Commissioners favor bringing back Logger Days in some form
The Libby Logger Days parade down Mineral Avenue on Saturday. (Ben Kibbey/The Western News)
Editor | May 4, 2021 7:00 AM
County Commissioner Mark Peck hopes to see Libby Logger Days make a comeback.
The Libby representative to the Lincoln County Board of Commissioners, Peck told his colleagues April 28 that he had mentioned it to the organizer of Liberty on Parade, a new Fourth of July celebration scheduled for the traditional weekend of Libby Logger Days.
“I did talk with Kenny Rayome just a little bit and threw the idea out there of regenerating Logger Days or something similar as part of [Liberty on Parade],” Peck said. “That’s the slot that they’re essentially filling in.”
An exploration and celebration of the region’s forestry-heavy heritage, Libby Logger Days ran for 61 years, but came to an abrupt end in 2020. Organizers cancelled the multiday gathering over COVID-19 concerns.
And when the annual Troy Fourth of July bonanza was similarly cancelled, Rayome’s Liberty on Parade sprung into being. Rayome, a U.S. Navy veteran, said during the height of the pandemic shutdowns that it was more important than ever to gather together and celebrate the nation’s independence.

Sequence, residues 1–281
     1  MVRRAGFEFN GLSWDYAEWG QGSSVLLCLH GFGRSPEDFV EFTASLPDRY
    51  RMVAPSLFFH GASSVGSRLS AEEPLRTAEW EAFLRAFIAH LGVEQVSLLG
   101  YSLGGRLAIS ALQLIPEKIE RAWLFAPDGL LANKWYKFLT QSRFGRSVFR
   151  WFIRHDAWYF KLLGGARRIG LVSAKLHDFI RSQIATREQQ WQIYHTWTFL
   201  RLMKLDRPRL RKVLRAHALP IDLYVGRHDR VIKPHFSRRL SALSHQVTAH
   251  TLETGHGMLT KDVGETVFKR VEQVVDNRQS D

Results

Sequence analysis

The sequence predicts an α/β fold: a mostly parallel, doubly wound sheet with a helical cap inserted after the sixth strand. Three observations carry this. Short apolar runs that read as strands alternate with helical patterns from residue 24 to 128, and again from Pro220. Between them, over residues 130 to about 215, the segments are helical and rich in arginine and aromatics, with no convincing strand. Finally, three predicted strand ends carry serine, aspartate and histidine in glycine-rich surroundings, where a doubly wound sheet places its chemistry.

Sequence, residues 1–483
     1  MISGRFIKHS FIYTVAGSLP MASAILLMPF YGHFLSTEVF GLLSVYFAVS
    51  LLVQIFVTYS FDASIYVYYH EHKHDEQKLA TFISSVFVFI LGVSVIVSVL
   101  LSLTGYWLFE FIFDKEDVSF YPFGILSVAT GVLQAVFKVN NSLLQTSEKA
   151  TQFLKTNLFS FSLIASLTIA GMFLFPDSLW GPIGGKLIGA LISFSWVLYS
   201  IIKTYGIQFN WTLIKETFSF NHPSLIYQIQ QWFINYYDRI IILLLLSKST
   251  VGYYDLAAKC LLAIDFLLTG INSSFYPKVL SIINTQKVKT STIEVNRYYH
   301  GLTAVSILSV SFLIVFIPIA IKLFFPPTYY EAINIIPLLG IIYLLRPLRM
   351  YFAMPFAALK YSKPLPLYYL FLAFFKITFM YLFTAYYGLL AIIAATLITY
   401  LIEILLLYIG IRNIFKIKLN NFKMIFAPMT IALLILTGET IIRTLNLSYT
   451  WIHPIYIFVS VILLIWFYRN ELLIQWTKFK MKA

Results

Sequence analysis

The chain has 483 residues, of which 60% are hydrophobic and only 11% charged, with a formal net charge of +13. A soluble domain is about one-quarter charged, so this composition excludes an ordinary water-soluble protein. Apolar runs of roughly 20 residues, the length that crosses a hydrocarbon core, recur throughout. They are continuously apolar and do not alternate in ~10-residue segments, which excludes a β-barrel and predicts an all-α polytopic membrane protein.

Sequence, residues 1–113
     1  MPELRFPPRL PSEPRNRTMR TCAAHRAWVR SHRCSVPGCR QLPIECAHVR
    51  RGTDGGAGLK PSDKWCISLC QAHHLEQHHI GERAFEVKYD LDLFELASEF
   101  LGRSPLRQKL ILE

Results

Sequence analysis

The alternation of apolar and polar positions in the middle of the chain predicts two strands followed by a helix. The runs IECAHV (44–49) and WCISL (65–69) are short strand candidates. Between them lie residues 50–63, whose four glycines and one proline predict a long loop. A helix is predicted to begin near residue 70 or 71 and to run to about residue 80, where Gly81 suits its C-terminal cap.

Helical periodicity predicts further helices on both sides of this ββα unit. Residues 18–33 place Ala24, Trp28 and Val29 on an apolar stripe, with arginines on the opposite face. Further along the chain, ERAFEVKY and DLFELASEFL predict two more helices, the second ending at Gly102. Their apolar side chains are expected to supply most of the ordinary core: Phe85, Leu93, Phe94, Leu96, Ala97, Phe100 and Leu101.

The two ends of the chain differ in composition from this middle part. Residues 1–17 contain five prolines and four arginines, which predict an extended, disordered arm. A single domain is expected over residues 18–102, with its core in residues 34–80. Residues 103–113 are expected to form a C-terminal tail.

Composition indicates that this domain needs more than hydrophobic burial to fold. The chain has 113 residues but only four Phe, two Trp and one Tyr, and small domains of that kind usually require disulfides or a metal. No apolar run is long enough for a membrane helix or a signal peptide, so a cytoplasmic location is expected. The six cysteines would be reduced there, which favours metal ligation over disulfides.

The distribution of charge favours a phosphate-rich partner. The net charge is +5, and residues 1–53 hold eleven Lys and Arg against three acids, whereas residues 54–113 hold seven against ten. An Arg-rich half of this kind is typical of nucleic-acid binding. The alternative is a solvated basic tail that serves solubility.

The event, which included the aforementioned parade through Libby and culminated with a fireworks display at J. Neils Park, was a success. So much so, Rayome decided to make it an annual tradition.
But that temporarily put it in direct competition with Troy’s returning Independence Day extravaganza. Rayome announced last month that he had shifted the date to June 26, the week before the Fourth of July holiday and the weekend when Libby Logger Days traditionally drew people to town.
Peck brought up the idea of combining or otherwise paying homage to Logger Days as commissioners shifted $1,000 in economic development funds toward the Liberty on Parade event.
County Commissioner Jerry Bennett (D-2) raised the idea of an expanded Logger Days, one that also pays homage to the region’s mining history. Changing it to a heritage day celebration could foster a more diverse set of activities, he said.
“I think heritage day is a more encompassing [concept],” he said.